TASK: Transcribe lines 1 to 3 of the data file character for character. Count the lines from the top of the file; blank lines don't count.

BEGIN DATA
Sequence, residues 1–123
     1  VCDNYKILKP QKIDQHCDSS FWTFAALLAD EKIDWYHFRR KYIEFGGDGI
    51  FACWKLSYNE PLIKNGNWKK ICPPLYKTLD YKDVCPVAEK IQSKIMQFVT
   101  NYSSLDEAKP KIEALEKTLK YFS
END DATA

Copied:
Sequence, residues 1–123
     1  VCDNYKILKP QKIDQHCDSS FWTFAALLAD EKIDWYHFRR KYIEFGGDGI
    51  FACWKLSYNE PLIKNGNWKK ICPPLYKTLD YKDVCPVAEK IQSKIMQFVT